Julie Anne Lau with Chuck Jones and his honorary Oscar in 1997.

If timing was deemed unsatisfactory, Lau adjusted the number of frames shown of a particular drawing. “When the color comes back, if it’s not to their liking, I edit it,” Lau explains. “I can put it on ones or put it on twos, and make it snappier by taking out frames. In those days, we didn’t have the luxury of just cutting out a frame because we had to think about the negative and have handles for negative cutting.

“Sometimes you hacked stuff to get something, and then they sent it back to be re-animated to the timing that we wanted to create,” she adds. “If we lost a frame, we had to ask, ‘We need to have camera shoot us an extra hold here to make this edit.’”

Working as a team, Jones solicited Lau’s opinions when animated footage was screened during dailies or after a scene was cut. “He would always ask me for my opinion — how I felt about a scene or the timing of something,” she says. “He could always decline, but he would want to know.”

At the same time, Lau describes Jones as a perfectionist — not surprising since he had been overseeing the creation of cartoons for more than five decades by the time he was back at Warner. in the mid-’90s.

“He wanted what he wanted,” Lau says. “I remember the animators tried to make things great and fantastic, and they were doing an effect for an explosion on Superior Duck and going way beyond what was needed. Chuck said, ‘Give me a red flash and a yellow flash and a white flash.’ Sure enough, it came back and it looked great.”

So did Another Froggy Evening, which was released with the feature film Batman Forever (1995). Watching the cartoon again recently, Lau was left with an appreciation for Jones’ genius. “When Michigan J. Frog slides down the man’s hands like Jell-O, it was so beautifully done,” she says, referring to a favorite moment in the short.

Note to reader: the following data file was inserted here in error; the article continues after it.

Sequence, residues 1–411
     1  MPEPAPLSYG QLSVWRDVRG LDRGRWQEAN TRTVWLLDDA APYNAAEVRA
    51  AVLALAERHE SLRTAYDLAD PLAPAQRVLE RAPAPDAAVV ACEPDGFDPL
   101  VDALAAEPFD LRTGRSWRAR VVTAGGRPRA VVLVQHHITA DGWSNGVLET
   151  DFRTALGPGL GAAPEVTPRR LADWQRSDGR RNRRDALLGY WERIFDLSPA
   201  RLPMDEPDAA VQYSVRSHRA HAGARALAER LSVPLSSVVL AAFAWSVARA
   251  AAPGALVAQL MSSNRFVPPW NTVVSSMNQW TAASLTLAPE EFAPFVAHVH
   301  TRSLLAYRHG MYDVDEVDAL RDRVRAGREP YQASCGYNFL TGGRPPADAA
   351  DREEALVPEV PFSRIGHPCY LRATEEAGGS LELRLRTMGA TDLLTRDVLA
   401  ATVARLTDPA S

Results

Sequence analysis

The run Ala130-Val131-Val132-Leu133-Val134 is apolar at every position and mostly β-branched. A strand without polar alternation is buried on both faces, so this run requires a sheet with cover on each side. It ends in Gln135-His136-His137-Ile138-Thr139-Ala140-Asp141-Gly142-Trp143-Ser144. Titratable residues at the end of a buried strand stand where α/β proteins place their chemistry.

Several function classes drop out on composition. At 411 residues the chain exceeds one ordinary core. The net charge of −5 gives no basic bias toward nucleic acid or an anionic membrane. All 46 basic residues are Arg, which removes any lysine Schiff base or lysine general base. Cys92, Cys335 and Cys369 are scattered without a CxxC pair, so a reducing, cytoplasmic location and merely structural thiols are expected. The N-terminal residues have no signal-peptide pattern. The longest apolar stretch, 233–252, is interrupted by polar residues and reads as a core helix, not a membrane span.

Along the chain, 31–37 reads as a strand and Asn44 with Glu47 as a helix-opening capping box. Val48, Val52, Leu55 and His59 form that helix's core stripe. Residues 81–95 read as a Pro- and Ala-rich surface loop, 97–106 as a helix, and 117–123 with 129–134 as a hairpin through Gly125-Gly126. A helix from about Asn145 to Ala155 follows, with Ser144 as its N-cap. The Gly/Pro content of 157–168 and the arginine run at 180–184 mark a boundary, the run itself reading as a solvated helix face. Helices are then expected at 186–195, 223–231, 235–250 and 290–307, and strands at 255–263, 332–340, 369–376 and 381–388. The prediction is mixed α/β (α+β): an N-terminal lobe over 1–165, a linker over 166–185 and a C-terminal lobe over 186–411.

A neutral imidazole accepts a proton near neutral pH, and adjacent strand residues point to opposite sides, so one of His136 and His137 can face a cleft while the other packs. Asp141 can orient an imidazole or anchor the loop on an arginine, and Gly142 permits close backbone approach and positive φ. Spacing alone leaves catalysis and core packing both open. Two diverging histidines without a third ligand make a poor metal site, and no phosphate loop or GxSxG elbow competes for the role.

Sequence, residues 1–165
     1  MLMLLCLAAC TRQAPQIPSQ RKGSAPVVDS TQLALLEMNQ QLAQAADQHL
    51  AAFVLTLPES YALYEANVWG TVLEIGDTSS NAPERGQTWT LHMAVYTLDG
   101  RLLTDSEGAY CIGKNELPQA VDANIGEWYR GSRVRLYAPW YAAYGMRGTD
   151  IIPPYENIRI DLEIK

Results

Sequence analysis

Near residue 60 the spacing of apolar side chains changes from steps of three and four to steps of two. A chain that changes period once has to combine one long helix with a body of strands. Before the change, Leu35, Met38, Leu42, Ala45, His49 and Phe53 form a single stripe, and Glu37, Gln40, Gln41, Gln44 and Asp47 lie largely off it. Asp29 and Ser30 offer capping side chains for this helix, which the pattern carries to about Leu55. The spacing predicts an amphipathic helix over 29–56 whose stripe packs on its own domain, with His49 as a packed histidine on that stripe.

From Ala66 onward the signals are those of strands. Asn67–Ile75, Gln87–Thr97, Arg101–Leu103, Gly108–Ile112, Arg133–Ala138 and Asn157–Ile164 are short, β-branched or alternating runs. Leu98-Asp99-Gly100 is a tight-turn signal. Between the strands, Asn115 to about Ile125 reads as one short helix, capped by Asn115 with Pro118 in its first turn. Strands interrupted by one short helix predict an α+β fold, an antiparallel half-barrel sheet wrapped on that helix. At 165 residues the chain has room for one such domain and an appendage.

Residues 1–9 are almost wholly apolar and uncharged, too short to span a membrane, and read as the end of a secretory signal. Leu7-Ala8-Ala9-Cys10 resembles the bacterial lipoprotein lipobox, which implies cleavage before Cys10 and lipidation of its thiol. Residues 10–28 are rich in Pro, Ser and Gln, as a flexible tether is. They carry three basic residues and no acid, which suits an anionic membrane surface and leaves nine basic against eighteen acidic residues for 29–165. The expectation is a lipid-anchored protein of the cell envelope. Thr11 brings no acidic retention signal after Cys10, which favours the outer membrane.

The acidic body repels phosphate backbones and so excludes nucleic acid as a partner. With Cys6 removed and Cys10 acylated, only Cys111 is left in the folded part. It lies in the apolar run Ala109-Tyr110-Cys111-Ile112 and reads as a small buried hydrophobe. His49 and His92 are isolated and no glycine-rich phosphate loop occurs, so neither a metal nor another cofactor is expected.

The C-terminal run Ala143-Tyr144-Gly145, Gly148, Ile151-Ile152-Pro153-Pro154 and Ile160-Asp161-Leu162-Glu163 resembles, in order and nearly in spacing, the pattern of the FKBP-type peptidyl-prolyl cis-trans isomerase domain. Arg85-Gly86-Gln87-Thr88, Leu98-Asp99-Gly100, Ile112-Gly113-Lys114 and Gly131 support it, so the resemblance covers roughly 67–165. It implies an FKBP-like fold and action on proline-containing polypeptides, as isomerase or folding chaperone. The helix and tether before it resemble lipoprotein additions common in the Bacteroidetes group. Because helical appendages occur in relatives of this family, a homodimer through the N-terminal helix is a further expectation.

Of course, the final judges of cartoons should be their intended audiences — in Lau’s case, that meant her daughter and son, the latter who was born during her tenure with Chuck Jones Films Productions).

“Everything you work on, you want to show the kids, and then they end up watching it because Mom worked on it,” she says. “You never have to ask a kid; all you have to do is listen to their chuckles or them saying, ‘Oh, look!’ You know when they enjoy it. My daughter, who was seven when I worked on Another Froggy Evening, laughed and enjoyed it as much as I enjoyed One Froggy Evening when I was her age. Maybe it will hold a special memory for her because her mom worked on it.”

In 1998, when Warner Bros. cancelled further short films from Jones, Lau departed the studio. “That was my segue into digital,” she says. “I went to Nickelodeon and got on the Avid.” But she remains fond of her time spent with Michigan J. Frog and other pugnacious imaginary animals.

“I really enjoyed that studio, the atmosphere and the people,” she says. “And who wouldn’t want to work with Chuck Jones?”

Editor’s Note: The “My Most Memorable Film” column, which appears regularly in the print edition of CineMontage, will now be featured periodically on CineMontage.org, giving Editors Guild members more opportunities to discuss noteworthy projects from their credits.


About Peter Tonguette 116 Articles
Peter Tonguette is a freelance writer whose work has appeared in The New York Times, The Wall Street Journal, Sight & Sound, Film Comment and Cineaste. He can be reached at tonguetteauthor2@aol.com.